Diffusion-Limited Phosphorescence Quenching Interactions in Polymer Solutions: Small Molecule-Small Molecule Interactions Interpreted by Free Volume Theory

Daniel H.S. Yu, John M. Torkelson*

*Corresponding author for this work

Research output: Contribution to journalArticlepeer-review

12 Scopus citations

Abstract

Diffusion-limited interactions between benzil and anthracene were studied by phosphorescence quenching in polystyrene-cyclohexane, polystyrene-toluene, poly(methyl methacrylate)-toluene, and polybutadiene-cyclohexane solutions. Values of the bimolecular diffusion-limited quenching rate constant, kq, were obtained by measuring benzil phosphorescence lifetime as a function of anthracene concentration and applying a Stern-Volmer analysis. Besides polymer species and solvent, kqwas measured as a function of polymer molecular weight and concentration, up to 560 g/L. kqwas found to be independent of polymer molecular weight in polystyrene-cyclohexane solutions and exhibited a slight molecular weight dependence in polystyrene-toluene solutions. The polymer concentration dependence of kqin polystyrene-cyclohexane and polystyrene-toluene solutions was found to mimic the polymer concentration dependence of the solvent self-diffusion coefficient; this result is consistent with the notion that kq~ DS/DS0where Dsis the solvent self-diffusion coefficient and the subscript 0 indicates the value at zero polymer concentration. A very similar polymer concentration dependence of kqwas obtained in poly(methyl methacrylate)-toluene solutions. The Vrentas-Duda free volume theory for DSwas found to predict the polymer concentration dependence of kqquantitatively for polystyrene-toluene and approximately for poly(methyl methacrylate)-toluene solutions; over the range of polymer concentrations studied in polystyrene-cyclohexane solutions, the agreement between the Vrentas-Duda theory and experimental measures of kqappears to be less satisfactory. The Fujita-Doolittle theory can also be used to fit experimental measures of kqin selected cases; however, it is possible to obtain unphysical results if the Fujita-Doolittle theory is applied over too wide a range in polymer concentration.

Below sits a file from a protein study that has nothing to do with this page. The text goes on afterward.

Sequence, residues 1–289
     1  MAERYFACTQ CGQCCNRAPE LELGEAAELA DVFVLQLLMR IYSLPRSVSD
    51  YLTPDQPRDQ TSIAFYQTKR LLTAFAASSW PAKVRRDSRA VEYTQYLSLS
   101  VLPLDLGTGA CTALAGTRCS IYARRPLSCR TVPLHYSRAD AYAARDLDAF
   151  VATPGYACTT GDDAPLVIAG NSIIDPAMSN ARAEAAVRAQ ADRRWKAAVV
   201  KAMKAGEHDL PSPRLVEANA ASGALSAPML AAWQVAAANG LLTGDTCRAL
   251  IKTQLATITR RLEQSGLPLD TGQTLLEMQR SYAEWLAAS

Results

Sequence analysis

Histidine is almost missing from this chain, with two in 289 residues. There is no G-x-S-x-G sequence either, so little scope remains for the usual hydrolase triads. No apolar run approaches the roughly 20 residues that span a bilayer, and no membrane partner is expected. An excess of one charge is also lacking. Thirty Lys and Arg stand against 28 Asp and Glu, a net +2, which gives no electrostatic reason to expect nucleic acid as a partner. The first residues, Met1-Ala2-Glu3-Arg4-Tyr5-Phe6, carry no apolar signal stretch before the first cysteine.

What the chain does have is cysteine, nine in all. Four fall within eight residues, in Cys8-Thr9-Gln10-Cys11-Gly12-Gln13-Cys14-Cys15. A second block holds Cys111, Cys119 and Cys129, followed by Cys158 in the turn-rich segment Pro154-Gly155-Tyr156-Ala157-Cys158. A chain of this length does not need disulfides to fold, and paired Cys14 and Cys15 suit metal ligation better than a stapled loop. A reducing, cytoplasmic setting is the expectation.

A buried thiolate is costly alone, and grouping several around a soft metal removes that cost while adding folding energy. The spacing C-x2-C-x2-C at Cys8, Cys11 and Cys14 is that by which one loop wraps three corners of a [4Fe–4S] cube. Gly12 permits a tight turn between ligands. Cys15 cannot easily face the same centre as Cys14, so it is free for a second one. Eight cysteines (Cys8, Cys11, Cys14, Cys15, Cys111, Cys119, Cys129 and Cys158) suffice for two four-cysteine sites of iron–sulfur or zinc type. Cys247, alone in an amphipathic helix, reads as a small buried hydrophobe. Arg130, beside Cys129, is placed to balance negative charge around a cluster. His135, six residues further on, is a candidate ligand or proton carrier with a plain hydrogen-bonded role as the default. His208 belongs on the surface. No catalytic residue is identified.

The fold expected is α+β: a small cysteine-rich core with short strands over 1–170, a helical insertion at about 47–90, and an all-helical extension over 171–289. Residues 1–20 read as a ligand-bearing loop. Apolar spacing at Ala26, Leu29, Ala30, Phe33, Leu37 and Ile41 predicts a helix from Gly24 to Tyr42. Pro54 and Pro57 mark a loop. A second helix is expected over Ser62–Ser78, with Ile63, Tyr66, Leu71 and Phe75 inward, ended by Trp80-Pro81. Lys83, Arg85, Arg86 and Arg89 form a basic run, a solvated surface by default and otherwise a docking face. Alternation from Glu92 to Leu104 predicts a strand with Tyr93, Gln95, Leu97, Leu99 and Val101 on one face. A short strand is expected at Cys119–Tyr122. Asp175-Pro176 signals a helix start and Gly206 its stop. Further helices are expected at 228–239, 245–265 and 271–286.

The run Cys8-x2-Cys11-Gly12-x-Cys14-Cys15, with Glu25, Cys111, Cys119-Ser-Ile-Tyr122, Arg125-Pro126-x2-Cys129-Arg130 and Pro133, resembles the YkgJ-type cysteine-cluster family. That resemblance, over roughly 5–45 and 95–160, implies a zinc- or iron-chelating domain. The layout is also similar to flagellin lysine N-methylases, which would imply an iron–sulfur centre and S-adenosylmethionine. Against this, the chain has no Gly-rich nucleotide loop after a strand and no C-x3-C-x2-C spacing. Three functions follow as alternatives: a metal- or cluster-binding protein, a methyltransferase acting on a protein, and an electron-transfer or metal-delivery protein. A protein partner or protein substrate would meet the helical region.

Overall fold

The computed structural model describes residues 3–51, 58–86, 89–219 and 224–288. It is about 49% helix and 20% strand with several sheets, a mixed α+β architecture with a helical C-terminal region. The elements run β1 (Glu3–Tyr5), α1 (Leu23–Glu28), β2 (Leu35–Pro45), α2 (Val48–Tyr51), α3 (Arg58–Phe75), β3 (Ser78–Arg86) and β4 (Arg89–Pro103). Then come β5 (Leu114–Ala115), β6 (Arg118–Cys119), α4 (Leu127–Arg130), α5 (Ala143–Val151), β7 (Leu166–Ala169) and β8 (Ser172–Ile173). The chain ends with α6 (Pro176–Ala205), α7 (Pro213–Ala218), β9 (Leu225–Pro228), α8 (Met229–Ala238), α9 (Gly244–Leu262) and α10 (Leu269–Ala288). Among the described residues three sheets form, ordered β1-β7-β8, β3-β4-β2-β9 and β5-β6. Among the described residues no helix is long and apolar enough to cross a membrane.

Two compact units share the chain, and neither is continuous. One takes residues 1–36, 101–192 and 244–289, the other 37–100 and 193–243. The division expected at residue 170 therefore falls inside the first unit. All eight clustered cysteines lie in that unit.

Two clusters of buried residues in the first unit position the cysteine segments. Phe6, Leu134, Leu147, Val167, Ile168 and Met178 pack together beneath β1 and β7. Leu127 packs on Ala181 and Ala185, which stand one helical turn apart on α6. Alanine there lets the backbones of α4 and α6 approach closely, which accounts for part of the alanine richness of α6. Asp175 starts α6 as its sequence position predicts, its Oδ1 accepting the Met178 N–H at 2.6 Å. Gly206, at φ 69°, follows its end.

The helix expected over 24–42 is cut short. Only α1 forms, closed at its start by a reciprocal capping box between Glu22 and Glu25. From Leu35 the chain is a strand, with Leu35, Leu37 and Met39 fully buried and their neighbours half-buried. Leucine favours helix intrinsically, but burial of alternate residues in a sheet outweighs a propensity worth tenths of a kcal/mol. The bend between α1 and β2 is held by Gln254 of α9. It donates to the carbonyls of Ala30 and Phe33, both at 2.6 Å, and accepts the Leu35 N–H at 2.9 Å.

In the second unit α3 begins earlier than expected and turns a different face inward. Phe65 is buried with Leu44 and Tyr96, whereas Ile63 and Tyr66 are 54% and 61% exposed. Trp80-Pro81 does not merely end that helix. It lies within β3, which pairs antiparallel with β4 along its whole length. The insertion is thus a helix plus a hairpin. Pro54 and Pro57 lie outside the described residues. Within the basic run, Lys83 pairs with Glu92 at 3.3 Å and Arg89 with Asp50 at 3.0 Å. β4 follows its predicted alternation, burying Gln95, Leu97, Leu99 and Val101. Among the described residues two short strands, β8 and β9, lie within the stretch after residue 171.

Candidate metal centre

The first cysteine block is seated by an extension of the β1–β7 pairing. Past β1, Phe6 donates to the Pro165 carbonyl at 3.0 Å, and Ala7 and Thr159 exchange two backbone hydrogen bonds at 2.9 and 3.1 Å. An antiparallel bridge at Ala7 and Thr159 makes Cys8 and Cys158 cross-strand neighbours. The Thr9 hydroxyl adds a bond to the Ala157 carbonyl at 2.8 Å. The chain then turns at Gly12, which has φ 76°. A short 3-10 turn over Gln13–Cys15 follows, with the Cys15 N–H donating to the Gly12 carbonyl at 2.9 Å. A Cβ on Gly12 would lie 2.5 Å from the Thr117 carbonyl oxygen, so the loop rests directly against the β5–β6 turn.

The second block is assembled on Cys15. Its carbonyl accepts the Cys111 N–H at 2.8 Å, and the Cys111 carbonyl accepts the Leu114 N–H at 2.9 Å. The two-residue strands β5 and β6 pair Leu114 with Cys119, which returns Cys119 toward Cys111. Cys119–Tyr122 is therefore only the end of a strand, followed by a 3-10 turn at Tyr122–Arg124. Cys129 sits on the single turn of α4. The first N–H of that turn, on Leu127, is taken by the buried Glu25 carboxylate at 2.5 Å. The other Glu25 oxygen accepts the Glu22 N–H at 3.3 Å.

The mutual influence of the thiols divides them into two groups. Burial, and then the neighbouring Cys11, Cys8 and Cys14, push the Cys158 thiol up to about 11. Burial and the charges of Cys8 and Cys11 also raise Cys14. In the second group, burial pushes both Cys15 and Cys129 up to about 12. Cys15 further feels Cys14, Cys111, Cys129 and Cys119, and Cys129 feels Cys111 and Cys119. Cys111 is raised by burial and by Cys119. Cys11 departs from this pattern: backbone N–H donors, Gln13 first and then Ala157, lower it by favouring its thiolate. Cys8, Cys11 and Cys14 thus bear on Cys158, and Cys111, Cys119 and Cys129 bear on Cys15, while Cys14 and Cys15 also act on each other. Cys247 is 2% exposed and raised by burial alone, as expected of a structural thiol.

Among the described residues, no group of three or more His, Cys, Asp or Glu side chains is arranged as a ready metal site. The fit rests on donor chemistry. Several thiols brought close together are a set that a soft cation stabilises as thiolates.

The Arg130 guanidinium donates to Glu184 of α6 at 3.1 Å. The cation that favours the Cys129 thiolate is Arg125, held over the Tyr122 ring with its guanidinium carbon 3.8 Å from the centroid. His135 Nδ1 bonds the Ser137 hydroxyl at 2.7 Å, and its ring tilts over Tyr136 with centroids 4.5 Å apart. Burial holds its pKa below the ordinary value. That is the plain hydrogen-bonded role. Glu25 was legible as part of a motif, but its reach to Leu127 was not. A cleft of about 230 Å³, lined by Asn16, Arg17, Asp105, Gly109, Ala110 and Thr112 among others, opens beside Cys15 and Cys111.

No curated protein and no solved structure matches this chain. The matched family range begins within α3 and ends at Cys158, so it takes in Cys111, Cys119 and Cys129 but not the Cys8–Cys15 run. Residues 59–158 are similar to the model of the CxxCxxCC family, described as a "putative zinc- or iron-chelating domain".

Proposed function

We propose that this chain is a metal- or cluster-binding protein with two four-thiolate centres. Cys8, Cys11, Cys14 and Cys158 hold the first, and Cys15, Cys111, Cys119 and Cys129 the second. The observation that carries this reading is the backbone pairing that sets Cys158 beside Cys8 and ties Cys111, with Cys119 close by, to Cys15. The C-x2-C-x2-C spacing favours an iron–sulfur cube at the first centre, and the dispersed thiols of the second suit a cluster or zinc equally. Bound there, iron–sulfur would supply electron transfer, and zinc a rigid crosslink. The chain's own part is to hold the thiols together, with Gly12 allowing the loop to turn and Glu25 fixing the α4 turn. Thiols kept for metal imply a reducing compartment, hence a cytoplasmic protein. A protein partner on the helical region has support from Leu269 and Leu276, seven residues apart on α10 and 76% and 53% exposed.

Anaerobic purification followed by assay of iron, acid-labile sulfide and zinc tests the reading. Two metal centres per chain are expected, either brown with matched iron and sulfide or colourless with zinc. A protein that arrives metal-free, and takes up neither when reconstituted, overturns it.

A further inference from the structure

Original languageEnglish (US)
Pages (from-to)1033-1041
Number of pages9
JournalMacromolecules
Volume21
Issue number4
DOIs
StatePublished - 1988

ASJC Scopus subject areas

  • Organic Chemistry
  • Polymers and Plastics
  • Inorganic Chemistry
  • Materials Chemistry

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